#LifeInCzechia Christmas is upon us and even though the majority of Czechs is irreligious and doesn’t go to church, we sure do love our Christmas traditions. In this article you’ll learn about how we celebrate Advent, get some tips on where to attend Midnight Mass on Christmas Eve in your city, and finally find out who is Ježíšek and how can a small baby deliver all these presents anyway?
Advent wreath with its first candle lit on the first Advent Sunday.
Although the vast (78%) majority of Czech citizens are irreligious, we sure like to keep all kinds of traditions when it comes to Christmas. This starts exactly 4 Sundays before Christmas Eve (24 December) with the beginning of Advent.
On First Advent Sunday, Czechs light the first candle on a special Advent wreath made of boughs of spruce or fir and decorated with ribbons and Christmas ornaments. Each following Sunday, we light another candle until they’re all burning on Christmas Eve.
The traditional colour of Advent is purple to echo the color of a priest’s robe, so you’ll typically see the wreaths decorated with purple ribbons.
If you want to join in, you can either make your own wreath or you can by a ready-made one. They are sold in most flower shops.
Again, Czechs are not awfully religious. Still, many of us enjoy the atmosphere of a decorated church on Christmas. Even people who don’t normally set foot in a church all year long can decide to attend Midnight Mass on Christmas Eve (24 December).
The churches have a great atmosphere on Christmas Masses and there’s also a lot of carol singing. Because they are so popular, churches are usually full, so make sure to come early!
Want to attend Midnight Mass but are not sure which church to choose in your city? Here are some tips from us:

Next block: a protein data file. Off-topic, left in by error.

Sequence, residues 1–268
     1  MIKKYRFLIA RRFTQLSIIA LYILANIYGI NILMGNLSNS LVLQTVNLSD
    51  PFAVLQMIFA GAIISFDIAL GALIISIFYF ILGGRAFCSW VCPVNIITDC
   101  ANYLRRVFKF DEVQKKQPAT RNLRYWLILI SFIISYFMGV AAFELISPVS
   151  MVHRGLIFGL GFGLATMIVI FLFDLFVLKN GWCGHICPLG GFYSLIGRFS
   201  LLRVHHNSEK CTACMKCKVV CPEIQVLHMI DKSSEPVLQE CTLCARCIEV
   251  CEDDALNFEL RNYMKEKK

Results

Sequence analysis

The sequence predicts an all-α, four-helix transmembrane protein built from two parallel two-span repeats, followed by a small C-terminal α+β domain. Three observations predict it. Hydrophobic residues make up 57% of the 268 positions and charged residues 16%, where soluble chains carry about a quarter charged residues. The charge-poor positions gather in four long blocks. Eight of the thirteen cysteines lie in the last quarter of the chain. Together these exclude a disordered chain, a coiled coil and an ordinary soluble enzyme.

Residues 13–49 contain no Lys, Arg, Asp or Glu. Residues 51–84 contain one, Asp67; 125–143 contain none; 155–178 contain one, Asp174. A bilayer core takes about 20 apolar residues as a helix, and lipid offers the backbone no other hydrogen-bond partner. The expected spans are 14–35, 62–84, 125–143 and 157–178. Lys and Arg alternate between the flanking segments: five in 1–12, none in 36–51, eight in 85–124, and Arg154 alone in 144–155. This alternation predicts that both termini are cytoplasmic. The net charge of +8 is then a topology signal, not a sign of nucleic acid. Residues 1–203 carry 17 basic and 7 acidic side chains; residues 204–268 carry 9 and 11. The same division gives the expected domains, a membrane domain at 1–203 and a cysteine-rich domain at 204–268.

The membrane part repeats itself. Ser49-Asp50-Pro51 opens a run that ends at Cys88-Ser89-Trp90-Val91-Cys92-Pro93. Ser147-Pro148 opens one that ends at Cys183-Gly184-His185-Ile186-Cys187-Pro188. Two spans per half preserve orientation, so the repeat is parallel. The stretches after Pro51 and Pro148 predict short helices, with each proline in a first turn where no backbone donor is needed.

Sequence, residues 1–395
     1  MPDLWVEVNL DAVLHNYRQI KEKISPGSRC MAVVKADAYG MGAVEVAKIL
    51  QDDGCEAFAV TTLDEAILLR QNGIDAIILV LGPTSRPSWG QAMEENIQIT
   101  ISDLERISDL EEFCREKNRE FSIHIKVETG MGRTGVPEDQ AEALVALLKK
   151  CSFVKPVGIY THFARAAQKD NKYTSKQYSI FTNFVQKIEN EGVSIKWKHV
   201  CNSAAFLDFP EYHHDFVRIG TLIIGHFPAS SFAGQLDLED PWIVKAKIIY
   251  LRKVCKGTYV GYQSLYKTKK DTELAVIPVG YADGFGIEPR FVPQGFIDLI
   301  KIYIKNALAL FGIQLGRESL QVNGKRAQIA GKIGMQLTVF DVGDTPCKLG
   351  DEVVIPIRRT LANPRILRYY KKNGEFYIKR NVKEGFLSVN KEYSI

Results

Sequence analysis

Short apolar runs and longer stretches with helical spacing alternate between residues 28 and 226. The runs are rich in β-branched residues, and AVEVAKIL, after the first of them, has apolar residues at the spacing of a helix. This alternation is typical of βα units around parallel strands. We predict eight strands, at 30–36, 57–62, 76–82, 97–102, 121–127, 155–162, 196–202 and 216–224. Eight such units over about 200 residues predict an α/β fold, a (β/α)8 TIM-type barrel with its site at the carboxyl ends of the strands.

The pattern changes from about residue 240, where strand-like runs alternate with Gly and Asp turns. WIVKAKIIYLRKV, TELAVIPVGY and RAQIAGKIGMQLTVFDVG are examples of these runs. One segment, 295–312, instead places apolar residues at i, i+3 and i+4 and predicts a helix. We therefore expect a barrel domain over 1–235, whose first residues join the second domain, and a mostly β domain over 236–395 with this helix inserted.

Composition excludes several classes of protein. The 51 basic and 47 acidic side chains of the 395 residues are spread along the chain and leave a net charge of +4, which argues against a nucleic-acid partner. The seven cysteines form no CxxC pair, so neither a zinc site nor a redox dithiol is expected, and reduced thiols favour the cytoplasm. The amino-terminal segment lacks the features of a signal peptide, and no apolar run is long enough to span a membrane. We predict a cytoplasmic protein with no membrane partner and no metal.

- Prague: St. Vitus Catedral (gothic, Roman Catholic Church); Church of Our Lady before Týn (gothic, Roman Catholic)
- Brno: Hussite Church on Botanická (functionalism, Hussite Church); Cathedral of St. Peter and Paul (gothic revival, Roman Catholic Church)
- Pilsen: Cathedral of St. Bartholomew (new gothic, Roman Catholic Church)
- Olomouc: Saint Wenceslas Cathedral Olomouc (gothic, Roman Catholic Church); Church of the Immaculate Conception of the Virgin Mary (late gothic, Dominican Order)
- Hradec Králové: The Cathedral of the Holy Spirit (gothic, Roman Catholic Church); Church of Pastor Ambrož (functionalism, Hussite Church)
Who the heck is Ježíšek?
If you come from a country that’s not Slavic, you might become really confused when people start talking about writing a letter to Ježíšek (or “Baby Jesus”) before Christmas.
Yes, in the Czech Republic, little magical baby brings our presents. And nobody really knows what he looks like. Some imagine Ježíšek as an actual baby Jesus as you know him from nativity scenes. But there are also popular interpretations of him as a toddler resembling a small baroque angel.
Baby Jesus doesn’t come into your home through the chimney like Santa does. He is said to come in through the window on Christmas Eve (24 December). He places the presents under the Christmas tree and before he leaves, he rings a little bell, signaling to the family that they can come into the room.
How can a little baby carry so many presents? Well, since he’s a god, he’s obviously magical, so you don’t need to worry about answering this question.
And what happened to Santa? Well, we don’t really know much about Santa or Father Christmas unless we watch Western Christmas movies. But if you’re missing a Santa element in Czechia, make sure to keep your eyes peeled on the eve of 5 December! That’s when St. Nicholas with his trusty friends devil and angel go round people’s houses, asking children if they’ve been good.
Want to learn more about Czech Christmas traditions? Check out our article about top Christmas events, Christmas Beehive Recipe or popular Czech Christmas fairy tales and movies.
Photo source: pexels.com